I have read in the papers about some new research that suggests women who take the contraceptive pill have a 60% risk of getting cervical cancer. This seems very high, is it true?

It is true that using the pill may increase your risk. But the risk isn’t anything like 60%. That would mean 60 out of every 100 women and cervical cancer only affects about 9 in every 1,000 women.

A paper published in a medical journal called The Lancet in 2003 reviewed a number of studies looking into pill use and cervical cancer risk. This paper combined data from 24 countries involving 12,500 women. It showed that the use of hormonal contraceptives for long periods of time can increase the risk of cervical cancer. It is not clear why this is.

We did think that the pill was statistically linked to cervical cancer only because women on the pill are more likely to be sexually active. So they are more at risk of picking up HPV infection. They do not necessarily use barrier contraception (condom or cap), which could prevent them from picking up HPV. But now it seems that the pill may actually affect risk directly.

In this analysis, the researchers took account of other factors such as number of partners, smoking and most importantly, infection with human papilloma virus (HPV).

Remember – the increases in risk are small. And more importantly, if you have regular cervical screening, any increase in risk is cancelled out.

About 9 in every 1,000 women who have never taken the pill will get cervical cancer at some point in their lives. The recent research suggests that amongst women who have taken the pill for 5 years, about 10 in every 1,000 will get cervical cancer.

The increased risk for between 5 and 9 years is slightly greater, but is still a small increase in real terms. About 14 in every 1,000 women who’ve been on the pill for between 5 and 9 years will get cervical cancer. Remember, this is compared to a risk of 9 in 1,000 for women who haven’t used the pill. (Incidentally, if 9 is increased by 60%, you get 14, which is where the 60% figure comes from.)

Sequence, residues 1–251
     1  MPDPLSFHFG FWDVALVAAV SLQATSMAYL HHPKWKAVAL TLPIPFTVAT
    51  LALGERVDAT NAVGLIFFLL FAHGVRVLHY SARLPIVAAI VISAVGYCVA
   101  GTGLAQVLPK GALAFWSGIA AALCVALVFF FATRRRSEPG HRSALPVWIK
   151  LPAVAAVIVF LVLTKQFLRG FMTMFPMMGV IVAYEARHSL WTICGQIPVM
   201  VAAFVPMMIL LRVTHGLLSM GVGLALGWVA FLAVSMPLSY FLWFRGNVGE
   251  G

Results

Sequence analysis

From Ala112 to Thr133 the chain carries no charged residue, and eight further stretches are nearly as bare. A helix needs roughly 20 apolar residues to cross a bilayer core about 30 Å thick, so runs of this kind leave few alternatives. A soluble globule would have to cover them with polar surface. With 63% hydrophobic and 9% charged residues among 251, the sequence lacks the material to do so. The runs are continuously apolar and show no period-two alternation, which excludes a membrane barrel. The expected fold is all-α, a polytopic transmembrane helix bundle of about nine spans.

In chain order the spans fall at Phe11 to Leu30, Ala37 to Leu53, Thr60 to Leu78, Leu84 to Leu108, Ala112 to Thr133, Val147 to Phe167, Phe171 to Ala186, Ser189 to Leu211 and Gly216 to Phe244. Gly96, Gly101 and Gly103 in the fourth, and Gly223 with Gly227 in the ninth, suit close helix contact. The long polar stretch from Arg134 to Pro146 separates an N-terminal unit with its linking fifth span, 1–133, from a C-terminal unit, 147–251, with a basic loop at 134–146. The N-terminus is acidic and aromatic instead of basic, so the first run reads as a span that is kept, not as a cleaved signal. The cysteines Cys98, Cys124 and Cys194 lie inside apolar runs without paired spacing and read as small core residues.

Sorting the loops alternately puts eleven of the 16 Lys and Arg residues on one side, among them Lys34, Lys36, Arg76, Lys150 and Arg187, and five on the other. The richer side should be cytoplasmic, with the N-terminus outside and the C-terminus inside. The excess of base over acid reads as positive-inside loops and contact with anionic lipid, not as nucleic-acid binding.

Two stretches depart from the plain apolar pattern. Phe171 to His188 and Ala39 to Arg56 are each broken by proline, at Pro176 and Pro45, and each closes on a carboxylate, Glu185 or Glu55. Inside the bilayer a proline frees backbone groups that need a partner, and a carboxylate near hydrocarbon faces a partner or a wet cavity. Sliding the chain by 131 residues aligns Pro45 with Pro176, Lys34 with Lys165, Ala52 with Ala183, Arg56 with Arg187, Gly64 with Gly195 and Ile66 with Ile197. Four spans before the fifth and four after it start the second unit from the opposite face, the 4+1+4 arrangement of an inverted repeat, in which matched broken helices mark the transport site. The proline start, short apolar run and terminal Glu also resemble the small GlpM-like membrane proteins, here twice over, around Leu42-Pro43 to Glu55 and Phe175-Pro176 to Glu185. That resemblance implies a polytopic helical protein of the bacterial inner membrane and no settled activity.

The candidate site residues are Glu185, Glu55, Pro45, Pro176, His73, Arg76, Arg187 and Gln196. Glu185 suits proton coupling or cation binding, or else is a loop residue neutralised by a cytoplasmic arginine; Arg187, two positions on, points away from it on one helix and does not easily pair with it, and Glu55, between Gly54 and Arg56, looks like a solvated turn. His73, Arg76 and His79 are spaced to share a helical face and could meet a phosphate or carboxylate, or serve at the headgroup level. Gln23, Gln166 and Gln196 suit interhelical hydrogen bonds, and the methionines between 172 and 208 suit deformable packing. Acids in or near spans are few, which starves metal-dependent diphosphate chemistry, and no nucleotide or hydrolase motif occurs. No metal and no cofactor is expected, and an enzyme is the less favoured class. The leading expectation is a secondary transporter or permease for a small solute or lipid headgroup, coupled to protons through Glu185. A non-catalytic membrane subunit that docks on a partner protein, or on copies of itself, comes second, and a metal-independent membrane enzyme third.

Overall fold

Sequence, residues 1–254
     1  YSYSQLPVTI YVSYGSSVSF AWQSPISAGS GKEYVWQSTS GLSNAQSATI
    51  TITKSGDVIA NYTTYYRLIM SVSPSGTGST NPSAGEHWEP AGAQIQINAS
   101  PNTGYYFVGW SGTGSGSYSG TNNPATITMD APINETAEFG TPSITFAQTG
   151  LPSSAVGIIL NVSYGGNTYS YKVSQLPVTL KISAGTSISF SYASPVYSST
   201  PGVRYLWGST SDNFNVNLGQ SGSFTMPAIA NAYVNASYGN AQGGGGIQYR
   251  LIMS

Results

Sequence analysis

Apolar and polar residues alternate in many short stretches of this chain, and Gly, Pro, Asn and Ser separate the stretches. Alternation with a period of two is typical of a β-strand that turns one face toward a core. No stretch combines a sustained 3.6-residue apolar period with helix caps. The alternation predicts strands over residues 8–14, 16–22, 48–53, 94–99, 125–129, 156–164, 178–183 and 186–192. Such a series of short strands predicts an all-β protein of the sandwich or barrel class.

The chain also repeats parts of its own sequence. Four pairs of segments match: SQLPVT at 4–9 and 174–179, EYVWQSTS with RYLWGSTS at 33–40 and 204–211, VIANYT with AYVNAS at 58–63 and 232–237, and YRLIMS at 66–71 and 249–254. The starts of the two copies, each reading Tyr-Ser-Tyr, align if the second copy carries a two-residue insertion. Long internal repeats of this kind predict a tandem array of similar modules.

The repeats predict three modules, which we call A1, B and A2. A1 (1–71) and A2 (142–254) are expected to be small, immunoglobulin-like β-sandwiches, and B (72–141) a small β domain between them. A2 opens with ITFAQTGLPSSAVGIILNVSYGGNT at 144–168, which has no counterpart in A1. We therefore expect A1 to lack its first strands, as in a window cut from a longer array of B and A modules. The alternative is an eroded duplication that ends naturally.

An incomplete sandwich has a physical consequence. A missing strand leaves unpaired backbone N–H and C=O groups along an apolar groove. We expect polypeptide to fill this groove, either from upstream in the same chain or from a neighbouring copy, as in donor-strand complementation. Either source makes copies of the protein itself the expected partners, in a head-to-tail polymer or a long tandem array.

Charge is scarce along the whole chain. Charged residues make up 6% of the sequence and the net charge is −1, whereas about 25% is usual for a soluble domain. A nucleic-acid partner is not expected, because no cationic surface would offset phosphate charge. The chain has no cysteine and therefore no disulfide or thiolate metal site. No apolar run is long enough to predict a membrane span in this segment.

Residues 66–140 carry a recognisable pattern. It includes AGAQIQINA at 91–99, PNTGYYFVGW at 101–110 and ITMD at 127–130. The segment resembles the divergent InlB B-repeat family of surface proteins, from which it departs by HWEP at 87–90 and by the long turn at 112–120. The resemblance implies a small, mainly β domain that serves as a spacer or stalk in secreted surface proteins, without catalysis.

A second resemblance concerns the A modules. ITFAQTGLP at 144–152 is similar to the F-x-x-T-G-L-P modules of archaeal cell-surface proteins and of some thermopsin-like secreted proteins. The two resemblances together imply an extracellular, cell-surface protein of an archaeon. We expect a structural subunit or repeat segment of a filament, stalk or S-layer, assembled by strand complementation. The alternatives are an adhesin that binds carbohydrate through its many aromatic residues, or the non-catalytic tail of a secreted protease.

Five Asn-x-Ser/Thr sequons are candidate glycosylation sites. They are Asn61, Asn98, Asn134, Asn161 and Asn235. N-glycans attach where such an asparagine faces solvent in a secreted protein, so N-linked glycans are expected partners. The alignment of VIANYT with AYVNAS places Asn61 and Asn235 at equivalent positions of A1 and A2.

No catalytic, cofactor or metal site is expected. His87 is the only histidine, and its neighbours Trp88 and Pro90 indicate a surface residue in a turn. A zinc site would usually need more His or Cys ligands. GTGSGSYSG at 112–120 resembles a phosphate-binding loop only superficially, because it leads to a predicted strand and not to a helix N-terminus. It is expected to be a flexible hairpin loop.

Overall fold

For more than 10 years pill use, the increase in risk is doubled when compared to women who have never taken the pill. But that still only means 18 women in every 1,000 who’ve taken the pill for more than 10 years are at risk of cervical cancer.

The authors of the study did stress that further research is needed to see if the risk of cervical cancer drops after women stop using the pill. They also emphasised the importance of regular cervical screening for all women, whether or not they use the pill.

Persistent infection with some types of the Human Papilloma Virus (HPV) is still the highest risk factor for the development of cervical cancer. But it is important to be aware that the majority of women who have this infection will not develop cervical cancer. Whether women infected with HPV go on to develop cervical cancer is affected by other factors, and one of these could be the use of the contraceptive pill. The important thing to remember is that regular screening will pick up changes in the cervix before a full blown cancer can develop. Obviously, this is now even more important for women on the pill.

For more info visit ~ http://www.cancerhelp.org.uk/help/default.asp?page=5482

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